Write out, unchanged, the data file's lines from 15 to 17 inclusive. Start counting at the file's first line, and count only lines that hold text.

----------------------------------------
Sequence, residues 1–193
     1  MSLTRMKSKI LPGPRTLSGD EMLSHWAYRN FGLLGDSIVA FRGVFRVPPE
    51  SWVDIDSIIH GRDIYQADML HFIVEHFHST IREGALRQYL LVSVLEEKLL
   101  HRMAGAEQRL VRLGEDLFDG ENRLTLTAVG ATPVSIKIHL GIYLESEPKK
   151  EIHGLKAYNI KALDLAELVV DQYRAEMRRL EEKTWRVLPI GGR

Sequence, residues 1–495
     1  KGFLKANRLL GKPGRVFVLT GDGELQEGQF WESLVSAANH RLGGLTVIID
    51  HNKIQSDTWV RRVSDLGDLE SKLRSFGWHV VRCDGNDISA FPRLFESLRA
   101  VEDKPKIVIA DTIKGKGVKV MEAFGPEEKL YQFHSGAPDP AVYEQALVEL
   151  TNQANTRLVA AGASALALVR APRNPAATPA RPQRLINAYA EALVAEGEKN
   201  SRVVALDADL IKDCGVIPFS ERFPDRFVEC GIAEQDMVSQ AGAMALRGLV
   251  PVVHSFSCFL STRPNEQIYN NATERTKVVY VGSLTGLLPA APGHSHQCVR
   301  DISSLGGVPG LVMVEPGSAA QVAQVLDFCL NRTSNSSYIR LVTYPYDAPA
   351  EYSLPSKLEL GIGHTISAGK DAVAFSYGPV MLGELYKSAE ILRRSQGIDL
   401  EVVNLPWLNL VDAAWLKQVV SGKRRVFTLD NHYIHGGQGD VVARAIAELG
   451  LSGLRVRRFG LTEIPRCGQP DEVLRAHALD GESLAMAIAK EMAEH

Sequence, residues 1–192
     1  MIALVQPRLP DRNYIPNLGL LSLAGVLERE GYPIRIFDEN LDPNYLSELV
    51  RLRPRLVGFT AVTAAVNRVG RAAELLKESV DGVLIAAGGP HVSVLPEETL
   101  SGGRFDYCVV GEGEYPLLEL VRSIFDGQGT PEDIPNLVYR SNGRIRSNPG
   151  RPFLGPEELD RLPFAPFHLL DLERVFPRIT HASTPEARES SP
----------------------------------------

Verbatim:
   401  EVVNLPWLNL VDAAWLKQVV SGKRRVFTLD NHYIHGGQGD VVARAIAELG
   451  LSGLRVRRFG LTEIPRCGQP DEVLRAHALD GESLAMAIAK EMAEH

Sequence, residues 1–192